Neurite is an start-up that was accelerated at the La Salle Technova Innovation hub that offers companies data analysis services using artificial intelligence. Its CEO, Francisco Batlle, explains how companies that are not like Google or Facebook, and don't have huge amounts of data to analyse, can also take advantage of AI analysis. They thicken data, enlarging it and giving it depth with numerical models, making automated processes that are constantly updated to adapt to changes.

The event was also attended by Daniel Marco, Director General of Innovation and the Digital Economy from the Department of Digital Policies and Public Administration of the Catalan Government, who laid out the administration’s commitment to creating a powerful technological eco-system, with solid infrastructure at the service of the public. In the specific field of AI, the Catalan Government’s commitment has led to the integration of the fields and agents involved (researchers, companies, ethics and legality, citizen participation, etc.) to help implement AI in the Catalan productive sector, always with a focus on the common good as the ultimate objective.



Experts have agreed that proper management of data is one of the most fundamental elements when using AI in companies.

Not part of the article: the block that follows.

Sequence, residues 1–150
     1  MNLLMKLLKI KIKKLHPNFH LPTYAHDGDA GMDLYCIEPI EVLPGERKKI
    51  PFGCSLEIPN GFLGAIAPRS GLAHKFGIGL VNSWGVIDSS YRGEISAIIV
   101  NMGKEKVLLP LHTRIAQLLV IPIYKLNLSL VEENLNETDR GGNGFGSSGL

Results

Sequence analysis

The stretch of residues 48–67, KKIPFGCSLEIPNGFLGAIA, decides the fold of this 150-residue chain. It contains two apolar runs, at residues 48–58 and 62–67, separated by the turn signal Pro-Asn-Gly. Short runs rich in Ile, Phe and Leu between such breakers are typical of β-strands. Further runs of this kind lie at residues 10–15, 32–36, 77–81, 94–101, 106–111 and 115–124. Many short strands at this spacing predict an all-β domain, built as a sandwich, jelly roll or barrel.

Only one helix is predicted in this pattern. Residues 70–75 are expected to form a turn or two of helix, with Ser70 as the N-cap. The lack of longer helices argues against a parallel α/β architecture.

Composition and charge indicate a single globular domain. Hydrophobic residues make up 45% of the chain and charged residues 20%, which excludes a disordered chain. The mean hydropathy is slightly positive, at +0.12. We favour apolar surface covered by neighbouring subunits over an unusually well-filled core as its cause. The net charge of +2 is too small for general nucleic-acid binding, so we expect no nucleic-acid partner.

80% of the project is building a correct dataset in order to be able to apply the AI method to it. If the dataset is bad, the conclusion will be unreliable and the decision we makes will be bad.

“If you don't have the data right and you start applying Artificial Intelligence strategies, you’re starting the house from the roof,· added Ciria. “The foundation for everything is the data structure to be able to put together a predictive AI model. You shouldn't be afraid to spend time getting the databases right to make sure they're well structured and the data is what we're really looking for.

Creating a good system does not just allow AI to assist in decision making. Through automation of routine processes, work time is freed up meaning people can dedicate more time to reflection and decision making.